As an informative public speaker, you will impart factual information through describing, demonstrating or explaining. You need to concentrate so you do not invoke personal opinion or persuasion. If you are free to choose your topic, it will be easier to select one on which you do not have a strong opinion, but, do not let your dispassionate stance translate into a boring speech. Remember, when writing your informative speech, your goal is to allow the audience to form their own opinions based on your facts.
Research your audience. Even though are you simply providing factual information, it will help you to know as much as possible about your audience's background, including previous their knowledge of and experience with the topic, as well as their education level. You do not want to talk down to them, but you do not want to assume they know more than they do and leave out basic information they need to formulate opinions or make decisions.
Write your introduction. This is your chance to get the audience's attention. Some effective tactics include using a famous quotation or offering a startling statistic. This is also the point in your speech where you want to establish your credibility, either as an expert on this particular topic or in some aspect of your professional career.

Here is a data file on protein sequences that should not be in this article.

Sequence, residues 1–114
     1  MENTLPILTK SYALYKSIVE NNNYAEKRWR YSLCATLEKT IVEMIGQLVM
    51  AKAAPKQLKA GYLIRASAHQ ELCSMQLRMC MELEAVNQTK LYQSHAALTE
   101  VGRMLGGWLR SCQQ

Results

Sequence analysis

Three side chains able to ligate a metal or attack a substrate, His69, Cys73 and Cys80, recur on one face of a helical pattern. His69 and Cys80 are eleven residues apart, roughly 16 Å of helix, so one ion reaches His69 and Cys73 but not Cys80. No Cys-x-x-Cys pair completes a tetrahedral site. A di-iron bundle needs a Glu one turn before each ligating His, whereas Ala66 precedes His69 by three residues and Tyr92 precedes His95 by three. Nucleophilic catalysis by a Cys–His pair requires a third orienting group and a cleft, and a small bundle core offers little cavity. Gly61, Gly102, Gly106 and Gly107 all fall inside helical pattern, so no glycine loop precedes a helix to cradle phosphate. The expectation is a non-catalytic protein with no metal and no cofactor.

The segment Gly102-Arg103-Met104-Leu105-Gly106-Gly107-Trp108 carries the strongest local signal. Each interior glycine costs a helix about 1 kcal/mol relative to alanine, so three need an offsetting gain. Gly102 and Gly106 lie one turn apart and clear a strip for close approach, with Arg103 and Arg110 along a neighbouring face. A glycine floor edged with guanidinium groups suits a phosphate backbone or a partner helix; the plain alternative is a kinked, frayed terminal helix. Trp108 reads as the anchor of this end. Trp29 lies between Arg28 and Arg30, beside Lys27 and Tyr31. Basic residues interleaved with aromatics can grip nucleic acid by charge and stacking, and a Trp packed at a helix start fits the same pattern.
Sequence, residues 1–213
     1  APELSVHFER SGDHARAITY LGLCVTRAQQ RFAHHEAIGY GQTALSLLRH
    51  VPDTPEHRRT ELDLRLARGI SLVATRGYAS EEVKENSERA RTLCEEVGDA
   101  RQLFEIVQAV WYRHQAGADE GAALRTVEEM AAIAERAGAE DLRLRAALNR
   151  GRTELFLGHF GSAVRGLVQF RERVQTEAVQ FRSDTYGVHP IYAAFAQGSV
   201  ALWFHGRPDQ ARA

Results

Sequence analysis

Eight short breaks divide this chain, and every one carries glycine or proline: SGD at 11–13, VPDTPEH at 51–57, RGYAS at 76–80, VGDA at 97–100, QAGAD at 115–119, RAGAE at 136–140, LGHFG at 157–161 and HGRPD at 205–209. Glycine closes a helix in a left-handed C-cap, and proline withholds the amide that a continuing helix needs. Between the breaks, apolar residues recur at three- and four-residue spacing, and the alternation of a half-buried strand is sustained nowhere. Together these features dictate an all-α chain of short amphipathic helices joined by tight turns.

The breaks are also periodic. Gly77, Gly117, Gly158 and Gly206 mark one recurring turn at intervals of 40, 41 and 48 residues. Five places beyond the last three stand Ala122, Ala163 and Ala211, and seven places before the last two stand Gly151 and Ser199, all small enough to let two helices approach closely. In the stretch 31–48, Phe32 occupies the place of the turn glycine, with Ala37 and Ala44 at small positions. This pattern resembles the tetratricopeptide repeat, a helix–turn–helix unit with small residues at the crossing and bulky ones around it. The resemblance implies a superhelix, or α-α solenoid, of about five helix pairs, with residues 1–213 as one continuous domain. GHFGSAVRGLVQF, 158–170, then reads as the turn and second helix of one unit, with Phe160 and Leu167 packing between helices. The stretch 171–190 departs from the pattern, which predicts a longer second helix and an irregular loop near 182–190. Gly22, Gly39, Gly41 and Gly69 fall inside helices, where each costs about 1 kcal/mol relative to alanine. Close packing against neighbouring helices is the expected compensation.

Select your thesis or angle. This is the main point of your speech, and narrows your topic. For example, if you are speaking on passenger air travel, your thesis might cover how passenger air travel has changed over the past 30 years.
Choose two to four important points to make in the body of your speech. These will provide the cornerstones of your audience's opinion-making. Using the example of your passenger air travel, your points of emphasis may be changes in service, fees, on-time records and safety. Expand upon these points as you write the body.
Organize your speech in an outline. Under each main point, write your supporting facts. Your outline will give you the structure you need to write your speech. More importantly, you can transfer your outline to note cards to refer to as you are speaking. This allows you to remain conversational, so you can engage the audience without reading from a prepared script.
Write your conclusion. Here you will summarize your main points, re-emphasizing what you want your audience to take away. Make it as memorable as your introduction. You can finish with another famous quote or a personal anecdote.
Tips & Warnings
- Use words you normally use in daily conversations. Practice your speech until you are completely comfortable. Start your outline at any point in your speech writing process. Some speechwriters start in outline form to help them organize, while others write out portions of the speech and then condense and organize them in outline form. Do what works for you.
- If you are given a podium, do not stay behind it the entire speech, as it keeps a barrier between you and your audience. Walk around the stage or front of the room.
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